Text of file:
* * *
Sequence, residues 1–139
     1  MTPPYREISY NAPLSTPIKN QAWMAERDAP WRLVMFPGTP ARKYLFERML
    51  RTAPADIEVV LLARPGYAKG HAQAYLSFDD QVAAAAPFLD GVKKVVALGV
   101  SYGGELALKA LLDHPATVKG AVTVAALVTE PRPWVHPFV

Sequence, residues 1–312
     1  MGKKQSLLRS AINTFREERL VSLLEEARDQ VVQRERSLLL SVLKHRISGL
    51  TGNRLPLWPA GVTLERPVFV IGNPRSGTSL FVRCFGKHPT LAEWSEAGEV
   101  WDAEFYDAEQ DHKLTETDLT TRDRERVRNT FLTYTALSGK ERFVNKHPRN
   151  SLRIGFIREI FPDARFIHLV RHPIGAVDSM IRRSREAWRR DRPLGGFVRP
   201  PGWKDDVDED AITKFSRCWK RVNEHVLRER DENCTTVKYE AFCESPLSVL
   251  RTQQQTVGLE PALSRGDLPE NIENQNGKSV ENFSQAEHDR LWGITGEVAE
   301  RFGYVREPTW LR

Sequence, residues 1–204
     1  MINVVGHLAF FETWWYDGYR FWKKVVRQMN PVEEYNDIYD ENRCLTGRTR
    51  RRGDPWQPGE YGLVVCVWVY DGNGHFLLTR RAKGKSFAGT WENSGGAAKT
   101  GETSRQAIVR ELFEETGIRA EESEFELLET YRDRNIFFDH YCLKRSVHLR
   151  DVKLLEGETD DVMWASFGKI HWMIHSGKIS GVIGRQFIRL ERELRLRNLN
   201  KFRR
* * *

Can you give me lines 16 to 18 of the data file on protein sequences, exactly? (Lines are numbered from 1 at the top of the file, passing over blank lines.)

   101  GETSRQAIVR ELFEETGIRA EESEFELLET YRDRNIFFDH YCLKRSVHLR
   151  DVKLLEGETD DVMWASFGKI HWMIHSGKIS GVIGRQFIRL ERELRLRNLN
   201  KFRR